PEOPLE of African descent consider Finland as one of the most racist countries in the European Union, suggests a 13-member state study by the EU Agency for Fundamental Rights (FRA).
In Finland, 43 per cent of such people reported to having experienced racial harassment in the past year, a proportion that is higher than in any of the other 12 countries: Austria, Belgium, Denmark, France, Germany, Ireland, Italy, Luxembourg, Poland, Portugal, Spain and Sweden.
The proportion rose to 52 per cent when respondents were asked if they have experienced racial harassment in the past five years.
Experiences of racial harassment from the past year were nearly as common in Germany (42%) and the least common in Portugal (6%) and Sweden (10%). On average, 24 per cent of respondents across the member states stated that they have experienced racial harassment in the past year and 30 per cent in the past five years.
The FRA asked about such experiences from residents of the countries who are originally from sub-Saharan Africa or have at least one parent from sub-Saharan Africa. The study received more than 6,700 responses.
Racial harassment, it found, is common especially toward young women, the highly educated and people wearing religious clothing.
Finland found itself questionably near the top of the results also in terms of the extent of racial discrimination, with 54 per cent of those surveyed in the country saying they have perceived racial discrimination in the past year and 63 per cent in the past five years. Only Germany and Austria had a higher perceived level of racial discrimination: In Germany, 64 per cent reported to having perceived racial discrimination in the past year and 76 per cent in the past five years. In Austria, the corresponding shares were 64 per cent and 72 per cent.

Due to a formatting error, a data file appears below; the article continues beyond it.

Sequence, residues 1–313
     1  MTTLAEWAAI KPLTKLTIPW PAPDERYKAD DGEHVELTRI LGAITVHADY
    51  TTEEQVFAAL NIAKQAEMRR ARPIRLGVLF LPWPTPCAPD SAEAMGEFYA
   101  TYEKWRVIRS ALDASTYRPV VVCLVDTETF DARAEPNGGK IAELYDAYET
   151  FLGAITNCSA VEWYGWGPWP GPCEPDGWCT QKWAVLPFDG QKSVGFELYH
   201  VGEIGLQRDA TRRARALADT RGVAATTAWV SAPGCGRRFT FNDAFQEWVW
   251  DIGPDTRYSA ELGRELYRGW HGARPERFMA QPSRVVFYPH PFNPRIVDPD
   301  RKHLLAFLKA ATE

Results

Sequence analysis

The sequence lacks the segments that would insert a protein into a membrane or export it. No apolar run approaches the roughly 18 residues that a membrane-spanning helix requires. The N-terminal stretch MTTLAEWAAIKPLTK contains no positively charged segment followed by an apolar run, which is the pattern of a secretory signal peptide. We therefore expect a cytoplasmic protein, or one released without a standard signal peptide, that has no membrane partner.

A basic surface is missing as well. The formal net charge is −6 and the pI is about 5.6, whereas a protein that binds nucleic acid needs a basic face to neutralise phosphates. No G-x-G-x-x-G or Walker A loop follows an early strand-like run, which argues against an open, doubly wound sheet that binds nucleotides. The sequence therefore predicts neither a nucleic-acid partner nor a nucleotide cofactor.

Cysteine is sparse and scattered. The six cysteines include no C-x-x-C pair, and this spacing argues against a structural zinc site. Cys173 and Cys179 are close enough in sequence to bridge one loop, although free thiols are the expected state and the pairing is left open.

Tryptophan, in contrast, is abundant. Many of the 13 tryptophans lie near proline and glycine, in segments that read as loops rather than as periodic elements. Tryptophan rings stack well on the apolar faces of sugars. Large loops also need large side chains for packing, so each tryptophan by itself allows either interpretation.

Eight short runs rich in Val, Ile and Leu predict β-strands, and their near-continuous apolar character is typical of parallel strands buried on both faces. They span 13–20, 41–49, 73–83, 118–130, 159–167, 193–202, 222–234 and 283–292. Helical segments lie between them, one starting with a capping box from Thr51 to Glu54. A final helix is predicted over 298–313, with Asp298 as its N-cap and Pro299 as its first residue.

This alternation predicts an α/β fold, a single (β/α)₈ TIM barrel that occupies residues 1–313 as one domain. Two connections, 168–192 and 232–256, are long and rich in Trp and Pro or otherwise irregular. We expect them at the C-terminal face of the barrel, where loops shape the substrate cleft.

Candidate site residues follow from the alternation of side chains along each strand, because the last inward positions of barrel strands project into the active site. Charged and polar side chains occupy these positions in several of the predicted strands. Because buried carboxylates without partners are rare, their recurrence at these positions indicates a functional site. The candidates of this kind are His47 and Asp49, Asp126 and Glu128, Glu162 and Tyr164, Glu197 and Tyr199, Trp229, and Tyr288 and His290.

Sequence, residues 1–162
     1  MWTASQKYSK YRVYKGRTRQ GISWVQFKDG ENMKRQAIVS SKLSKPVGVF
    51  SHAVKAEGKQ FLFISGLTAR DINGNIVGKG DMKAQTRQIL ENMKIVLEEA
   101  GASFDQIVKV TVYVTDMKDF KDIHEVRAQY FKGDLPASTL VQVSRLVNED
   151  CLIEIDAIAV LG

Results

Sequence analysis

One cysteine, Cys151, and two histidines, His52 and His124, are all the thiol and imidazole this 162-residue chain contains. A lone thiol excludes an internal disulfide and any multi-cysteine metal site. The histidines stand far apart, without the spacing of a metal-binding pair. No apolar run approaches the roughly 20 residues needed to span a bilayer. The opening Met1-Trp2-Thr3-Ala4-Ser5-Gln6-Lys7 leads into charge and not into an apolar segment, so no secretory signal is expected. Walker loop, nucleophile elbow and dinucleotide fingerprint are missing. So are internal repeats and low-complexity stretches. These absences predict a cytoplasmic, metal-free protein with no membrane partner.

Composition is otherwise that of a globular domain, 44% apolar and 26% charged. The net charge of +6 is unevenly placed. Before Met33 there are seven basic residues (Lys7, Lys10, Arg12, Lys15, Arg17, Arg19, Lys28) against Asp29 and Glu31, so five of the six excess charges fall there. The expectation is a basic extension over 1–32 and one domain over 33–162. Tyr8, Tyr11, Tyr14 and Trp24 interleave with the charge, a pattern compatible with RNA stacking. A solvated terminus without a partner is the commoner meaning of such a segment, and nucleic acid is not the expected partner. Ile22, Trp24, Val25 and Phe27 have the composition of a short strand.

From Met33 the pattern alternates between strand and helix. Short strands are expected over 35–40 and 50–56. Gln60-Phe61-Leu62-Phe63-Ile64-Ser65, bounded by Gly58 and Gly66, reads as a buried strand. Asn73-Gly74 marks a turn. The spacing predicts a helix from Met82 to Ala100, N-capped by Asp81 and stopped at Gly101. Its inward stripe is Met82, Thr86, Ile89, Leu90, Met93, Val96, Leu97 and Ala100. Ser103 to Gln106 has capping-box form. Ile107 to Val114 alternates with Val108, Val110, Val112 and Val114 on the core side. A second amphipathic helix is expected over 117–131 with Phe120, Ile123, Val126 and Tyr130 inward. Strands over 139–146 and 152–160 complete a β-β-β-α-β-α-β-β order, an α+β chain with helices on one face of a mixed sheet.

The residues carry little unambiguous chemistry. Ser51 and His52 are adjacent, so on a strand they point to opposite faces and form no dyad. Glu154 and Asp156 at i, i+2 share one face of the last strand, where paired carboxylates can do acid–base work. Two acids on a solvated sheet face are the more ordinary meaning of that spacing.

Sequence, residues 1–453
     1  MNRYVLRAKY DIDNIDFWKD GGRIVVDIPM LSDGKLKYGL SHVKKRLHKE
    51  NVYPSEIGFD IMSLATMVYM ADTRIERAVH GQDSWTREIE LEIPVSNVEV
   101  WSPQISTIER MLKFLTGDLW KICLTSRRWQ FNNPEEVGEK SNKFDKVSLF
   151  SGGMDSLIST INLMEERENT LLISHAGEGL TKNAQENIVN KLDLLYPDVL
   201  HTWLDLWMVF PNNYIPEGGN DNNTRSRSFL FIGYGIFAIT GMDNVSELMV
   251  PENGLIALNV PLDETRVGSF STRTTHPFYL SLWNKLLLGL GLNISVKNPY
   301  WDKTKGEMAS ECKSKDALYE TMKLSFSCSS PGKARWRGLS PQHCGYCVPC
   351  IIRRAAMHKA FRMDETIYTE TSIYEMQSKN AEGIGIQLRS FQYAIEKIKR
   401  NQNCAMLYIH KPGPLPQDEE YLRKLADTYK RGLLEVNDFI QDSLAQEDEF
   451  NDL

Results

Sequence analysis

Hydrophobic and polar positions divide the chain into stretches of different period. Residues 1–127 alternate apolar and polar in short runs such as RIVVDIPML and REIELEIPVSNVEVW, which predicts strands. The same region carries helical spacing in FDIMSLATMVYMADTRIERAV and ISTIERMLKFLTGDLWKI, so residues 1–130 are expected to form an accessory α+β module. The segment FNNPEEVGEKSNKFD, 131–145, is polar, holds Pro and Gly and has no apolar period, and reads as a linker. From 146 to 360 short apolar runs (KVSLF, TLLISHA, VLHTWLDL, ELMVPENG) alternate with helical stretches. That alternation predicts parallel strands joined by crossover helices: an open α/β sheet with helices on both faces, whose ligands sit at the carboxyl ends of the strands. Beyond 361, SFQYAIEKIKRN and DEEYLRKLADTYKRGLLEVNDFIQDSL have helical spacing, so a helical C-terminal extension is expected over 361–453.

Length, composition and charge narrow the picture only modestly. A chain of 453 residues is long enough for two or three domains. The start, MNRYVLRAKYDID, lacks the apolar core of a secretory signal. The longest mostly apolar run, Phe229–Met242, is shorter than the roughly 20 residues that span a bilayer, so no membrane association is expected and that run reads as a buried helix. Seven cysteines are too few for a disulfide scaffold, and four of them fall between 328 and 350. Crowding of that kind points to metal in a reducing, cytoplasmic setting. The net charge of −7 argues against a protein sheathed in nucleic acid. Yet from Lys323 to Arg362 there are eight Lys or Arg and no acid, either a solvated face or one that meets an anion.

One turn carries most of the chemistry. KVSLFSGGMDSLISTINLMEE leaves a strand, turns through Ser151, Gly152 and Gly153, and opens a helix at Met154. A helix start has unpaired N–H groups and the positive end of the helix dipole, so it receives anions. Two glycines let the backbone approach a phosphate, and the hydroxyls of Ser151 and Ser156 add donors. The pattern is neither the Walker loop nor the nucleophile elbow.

People of African descent reported on average to having felt racially discriminated against at a rate of 34 per cent in the past year and 45 per cent in the past five years. Such experiences were common especially when looking for a job, at work or looking for a house, according to the study.
The FRA last conducted the study in 2016, with the release of the results two years later receiving widespread attention in Finland. While the extent of racial harassment has stayed unchanged at 30 per cent in the past five years, that of racial discrimination has increased from 39 to 45 per cent among the countries surveyed, including from 60 to 63 per cent in Finland.
“It is shocking to see no improvement since our last survey in 2016,” stated Michael O’Flaherty, the director of the FRA. “Racism and discrimination should have no place in our societies. The EU and its member states should use these findings to better target their efforts and ensure people of African descent too can enjoy their rights freely without racism and discrimination.”
Expert: Results reflect persistent prejudices in Finland
The results of the study reflect lingering prejudices toward immigrants in Finland, Mona Eid, a research director at the Finnish Institute for Health and Welfare (THL), viewed on YLE Radio Suomi on Wednesday.
“Maybe this is an indication that we have some kind of an ethnic hierarchy. [People] from countries and groups of countries that are the furthest away from us and who are possibly different in terms of their appearance, they feel the most discrimination in Finland. This situation unfortunately hasn’t improved from the previous survey,” she stated.
She stated that it is sad at the individual level that people are not treated equally, adding that experiences of racism have been linked to psychological and somatic symptoms. She also called attention to the apparent disconnect between labour shortages and unwillingness to hire people of a certain ethnic appearance.
“We need more labour, but racial discrimination prevents people from getting these jobs,” she said.
The work to develop more positive attitudes and eradicate prejudices should start already in early-childhood education, according to Eid.
“We should invest more in diversity and encounters, as well as measures related to these. This is a very important societal problem that should be resolved,” she underlined.
Aleksi Teivainen – HT